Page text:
13. Stochastic Short Rates

This brief section illustrates the use of stochastic short rate models for simulation and (risk-neutral) discounting. The class used is called stochastic_short_rate.

13.1. The Modelling

First, the market environment. As a stochastic short rate model the square_root_diffusion class is (currently) available. We therefore need to define the respective parameters for this class in the market environment.

In [1]:
from dx import *
In [2]:
me = market_environment(name='me', pricing_date=dt.datetime(2015, 1, 1))
me.add_constant('initial_value', 0.01)
me.add_constant('volatility', 0.1)
me.add_constant('kappa', 2.0)
me.add_constant('theta', 0.05)
me.add_constant('paths', 1000)
me.add_constant('frequency', 'M')
me.add_constant('starting_date', me.pricing_date)
me.add_constant('final_date', dt.datetime(2015, 12, 31))
me.add_curve('discount_curve', 0.0)  # dummy
me.add_constant('currency', 0.0)  # dummy

Second, the instantiation of the class.

In [3]:
ssr = stochastic_short_rate('sr', me)

The following is an example list object containing datetime objects.

In [4]:
time_list = [dt.datetime(2015, 1, 1),
             dt.datetime(2015, 4, 1),
             dt.datetime(2015, 6, 15),
             dt.datetime(2015, 10, 21)]

The call of the method get_forward_reates() yields the above time_list object and the simulated forward rates. In this case, 10 simulations.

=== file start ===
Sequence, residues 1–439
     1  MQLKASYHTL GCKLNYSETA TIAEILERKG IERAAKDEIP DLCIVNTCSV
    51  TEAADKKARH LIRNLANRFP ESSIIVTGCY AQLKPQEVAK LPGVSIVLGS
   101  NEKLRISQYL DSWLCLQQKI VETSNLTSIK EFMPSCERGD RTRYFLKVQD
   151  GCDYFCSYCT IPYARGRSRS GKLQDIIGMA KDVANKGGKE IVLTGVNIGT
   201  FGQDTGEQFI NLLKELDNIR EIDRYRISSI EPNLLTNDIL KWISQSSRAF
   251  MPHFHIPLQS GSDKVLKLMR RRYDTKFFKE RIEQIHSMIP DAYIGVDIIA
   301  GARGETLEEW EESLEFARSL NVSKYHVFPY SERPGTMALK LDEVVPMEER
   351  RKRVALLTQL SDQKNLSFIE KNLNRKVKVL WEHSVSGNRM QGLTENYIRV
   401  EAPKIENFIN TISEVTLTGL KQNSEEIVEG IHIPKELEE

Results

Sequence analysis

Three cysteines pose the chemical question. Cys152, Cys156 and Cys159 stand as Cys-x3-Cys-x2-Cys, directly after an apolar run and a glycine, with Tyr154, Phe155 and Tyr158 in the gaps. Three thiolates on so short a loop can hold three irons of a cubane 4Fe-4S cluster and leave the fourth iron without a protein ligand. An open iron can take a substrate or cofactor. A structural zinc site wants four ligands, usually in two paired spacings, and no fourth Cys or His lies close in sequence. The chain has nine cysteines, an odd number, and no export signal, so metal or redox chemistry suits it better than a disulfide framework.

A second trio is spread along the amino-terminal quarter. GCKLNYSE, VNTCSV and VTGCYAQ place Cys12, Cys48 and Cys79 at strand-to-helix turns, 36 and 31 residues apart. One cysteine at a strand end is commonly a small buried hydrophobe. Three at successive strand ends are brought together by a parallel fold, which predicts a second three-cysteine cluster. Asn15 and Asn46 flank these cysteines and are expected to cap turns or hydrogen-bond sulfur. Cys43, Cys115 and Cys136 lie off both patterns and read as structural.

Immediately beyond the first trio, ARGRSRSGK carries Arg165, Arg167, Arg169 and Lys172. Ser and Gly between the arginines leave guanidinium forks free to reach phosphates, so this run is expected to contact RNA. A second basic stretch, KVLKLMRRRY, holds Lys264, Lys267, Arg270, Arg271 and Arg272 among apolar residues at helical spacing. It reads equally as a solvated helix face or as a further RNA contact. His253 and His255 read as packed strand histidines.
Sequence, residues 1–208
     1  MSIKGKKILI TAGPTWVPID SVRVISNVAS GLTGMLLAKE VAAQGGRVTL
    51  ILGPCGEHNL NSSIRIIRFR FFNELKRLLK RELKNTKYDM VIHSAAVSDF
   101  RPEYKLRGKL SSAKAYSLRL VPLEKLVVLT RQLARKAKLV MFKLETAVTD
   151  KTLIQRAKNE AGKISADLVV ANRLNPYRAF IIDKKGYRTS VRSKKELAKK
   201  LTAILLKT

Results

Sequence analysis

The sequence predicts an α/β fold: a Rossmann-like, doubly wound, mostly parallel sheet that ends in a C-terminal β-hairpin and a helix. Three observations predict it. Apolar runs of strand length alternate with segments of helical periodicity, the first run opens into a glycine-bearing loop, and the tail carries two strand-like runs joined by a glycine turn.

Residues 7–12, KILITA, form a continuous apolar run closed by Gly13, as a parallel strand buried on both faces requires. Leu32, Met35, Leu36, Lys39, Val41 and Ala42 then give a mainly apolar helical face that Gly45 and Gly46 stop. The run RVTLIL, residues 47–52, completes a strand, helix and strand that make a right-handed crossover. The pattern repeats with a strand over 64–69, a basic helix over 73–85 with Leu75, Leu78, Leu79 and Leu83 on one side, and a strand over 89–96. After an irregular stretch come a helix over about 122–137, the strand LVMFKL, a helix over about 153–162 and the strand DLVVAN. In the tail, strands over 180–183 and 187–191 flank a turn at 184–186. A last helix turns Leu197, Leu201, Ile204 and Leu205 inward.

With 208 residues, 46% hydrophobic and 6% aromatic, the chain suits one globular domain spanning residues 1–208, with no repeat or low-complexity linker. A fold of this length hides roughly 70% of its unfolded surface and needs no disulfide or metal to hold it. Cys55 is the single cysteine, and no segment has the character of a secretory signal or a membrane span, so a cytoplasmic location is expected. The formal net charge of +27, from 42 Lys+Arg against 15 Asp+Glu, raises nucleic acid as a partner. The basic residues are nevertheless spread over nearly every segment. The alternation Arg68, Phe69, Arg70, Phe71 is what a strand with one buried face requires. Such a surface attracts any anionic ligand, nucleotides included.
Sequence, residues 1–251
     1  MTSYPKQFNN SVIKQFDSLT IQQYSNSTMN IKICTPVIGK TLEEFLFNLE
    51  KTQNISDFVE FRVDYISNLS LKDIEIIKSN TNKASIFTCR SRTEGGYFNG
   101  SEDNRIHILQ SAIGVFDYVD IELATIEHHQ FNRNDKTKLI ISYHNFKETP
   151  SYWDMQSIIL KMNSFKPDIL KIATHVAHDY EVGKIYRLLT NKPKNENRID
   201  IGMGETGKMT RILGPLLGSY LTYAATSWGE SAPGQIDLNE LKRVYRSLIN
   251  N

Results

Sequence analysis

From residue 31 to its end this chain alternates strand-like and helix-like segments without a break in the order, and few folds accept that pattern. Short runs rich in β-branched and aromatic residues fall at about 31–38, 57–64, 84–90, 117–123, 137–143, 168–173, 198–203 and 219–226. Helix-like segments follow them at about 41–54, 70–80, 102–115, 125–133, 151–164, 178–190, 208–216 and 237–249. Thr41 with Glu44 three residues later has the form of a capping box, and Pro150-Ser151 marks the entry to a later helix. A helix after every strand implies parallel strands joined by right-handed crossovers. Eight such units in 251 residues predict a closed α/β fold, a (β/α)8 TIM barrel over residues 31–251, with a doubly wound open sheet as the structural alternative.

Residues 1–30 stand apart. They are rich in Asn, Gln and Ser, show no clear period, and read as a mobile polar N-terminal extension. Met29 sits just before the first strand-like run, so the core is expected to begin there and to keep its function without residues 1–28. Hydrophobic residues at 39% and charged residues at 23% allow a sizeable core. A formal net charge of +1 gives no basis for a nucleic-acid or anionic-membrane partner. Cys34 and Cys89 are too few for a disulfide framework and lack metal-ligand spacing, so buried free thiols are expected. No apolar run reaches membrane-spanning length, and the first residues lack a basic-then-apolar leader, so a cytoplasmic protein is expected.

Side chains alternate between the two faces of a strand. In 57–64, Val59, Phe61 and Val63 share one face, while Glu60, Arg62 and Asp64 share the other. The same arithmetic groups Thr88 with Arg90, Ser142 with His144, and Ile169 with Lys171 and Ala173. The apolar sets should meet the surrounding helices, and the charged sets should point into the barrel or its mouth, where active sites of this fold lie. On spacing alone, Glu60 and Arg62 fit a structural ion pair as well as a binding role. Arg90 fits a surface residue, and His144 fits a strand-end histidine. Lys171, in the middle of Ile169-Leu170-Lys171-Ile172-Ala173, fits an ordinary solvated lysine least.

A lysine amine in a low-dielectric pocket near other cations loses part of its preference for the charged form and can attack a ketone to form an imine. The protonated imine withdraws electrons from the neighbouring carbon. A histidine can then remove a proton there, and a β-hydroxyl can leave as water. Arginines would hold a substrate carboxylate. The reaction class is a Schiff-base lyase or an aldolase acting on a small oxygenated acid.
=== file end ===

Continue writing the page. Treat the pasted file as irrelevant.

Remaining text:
In [5]:
ssr.get_forward_rates(time_list, 10)
Out[5]:
([datetime.datetime(2015, 1, 1, 0, 0),
  datetime.datetime(2015, 4, 1, 0, 0),
  datetime.datetime(2015, 6, 15, 0, 0),
  datetime.datetime(2015, 10, 21, 0, 0)],
 array([[0.01      , 0.01      , 0.01      , 0.01      , 0.01      ,
         0.01      , 0.01      , 0.01      , 0.01      , 0.01      ],
        [0.03277202, 0.02888579, 0.02597219, 0.03437966, 0.02609197,
         0.02668004, 0.03056627, 0.03347986, 0.02507239, 0.03336008],
        [0.04847622, 0.02778153, 0.02208502, 0.03542504, 0.03381398,
         0.02848213, 0.04861457, 0.05589349, 0.03990585, 0.04257658],
        [0.05166403, 0.04121302, 0.05144506, 0.06797319, 0.02824299,
         0.0419498 , 0.05243283, 0.03619928, 0.02328994, 0.06677311]]))

Accordingly, the call of the get_discount_factors() method yields simulated zero-coupon bond prices for the time grid.

In [6]:
ssr.get_discount_factors(time_list, 10)
Out[6]:
([datetime.datetime(2015, 1, 1, 0, 0),
  datetime.datetime(2015, 4, 1, 0, 0),
  datetime.datetime(2015, 6, 15, 0, 0),
  datetime.datetime(2015, 10, 21, 0, 0)],
 array([[0.96930155, 0.97754222, 0.97798078, 0.9696954 , 0.97874354,
         0.97771286, 0.96961689, 0.96977567, 0.97816125, 0.96819563],
        [0.97442643, 0.98223994, 0.98232769, 0.97501559, 0.98310835,
         0.98214428, 0.97447841, 0.97498814, 0.98239997, 0.97338523],
        [0.98259442, 0.98797521, 0.98718981, 0.98203326, 0.98917777,
         0.98772624, 0.98243814, 0.9839819 , 0.98898026, 0.981009  ],
        [1.        , 1.        , 1.        , 1.        , 1.        ,
         1.        , 1.        , 1.        , 1.        , 1.        ]]))

13.2. Stochstic Drifts